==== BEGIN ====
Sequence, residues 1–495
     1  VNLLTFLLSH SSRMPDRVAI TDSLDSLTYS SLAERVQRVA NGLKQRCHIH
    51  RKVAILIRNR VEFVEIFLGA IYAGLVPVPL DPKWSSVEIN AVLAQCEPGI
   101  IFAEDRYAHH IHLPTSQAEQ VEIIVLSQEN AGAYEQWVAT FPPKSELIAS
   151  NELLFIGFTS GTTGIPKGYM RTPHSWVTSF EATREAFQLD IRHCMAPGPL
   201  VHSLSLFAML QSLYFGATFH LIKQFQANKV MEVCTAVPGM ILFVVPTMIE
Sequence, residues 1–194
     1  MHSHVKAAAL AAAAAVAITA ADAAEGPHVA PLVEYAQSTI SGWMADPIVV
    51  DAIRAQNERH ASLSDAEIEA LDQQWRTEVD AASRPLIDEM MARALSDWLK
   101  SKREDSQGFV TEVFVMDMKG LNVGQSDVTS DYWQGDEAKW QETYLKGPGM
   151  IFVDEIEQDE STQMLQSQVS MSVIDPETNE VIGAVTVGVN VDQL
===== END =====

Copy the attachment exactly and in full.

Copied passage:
Sequence, residues 1–495
     1  VNLLTFLLSH SSRMPDRVAI TDSLDSLTYS SLAERVQRVA NGLKQRCHIH
    51  RKVAILIRNR VEFVEIFLGA IYAGLVPVPL DPKWSSVEIN AVLAQCEPGI
   101  IFAEDRYAHH IHLPTSQAEQ VEIIVLSQEN AGAYEQWVAT FPPKSELIAS
   151  NELLFIGFTS GTTGIPKGYM RTPHSWVTSF EATREAFQLD IRHCMAPGPL
   201  VHSLSLFAML QSLYFGATFH LIKQFQANKV MEVCTAVPGM ILFVVPTMIE
Sequence, residues 1–194
     1  MHSHVKAAAL AAAAAVAITA ADAAEGPHVA PLVEYAQSTI SGWMADPIVV
    51  DAIRAQNERH ASLSDAEIEA LDQQWRTEVD AASRPLIDEM MARALSDWLK
   101  SKREDSQGFV TEVFVMDMKG LNVGQSDVTS DYWQGDEAKW QETYLKGPGM
   151  IFVDEIEQDE STQMLQSQVS MSVIDPETNE VIGAVTVGVN VDQL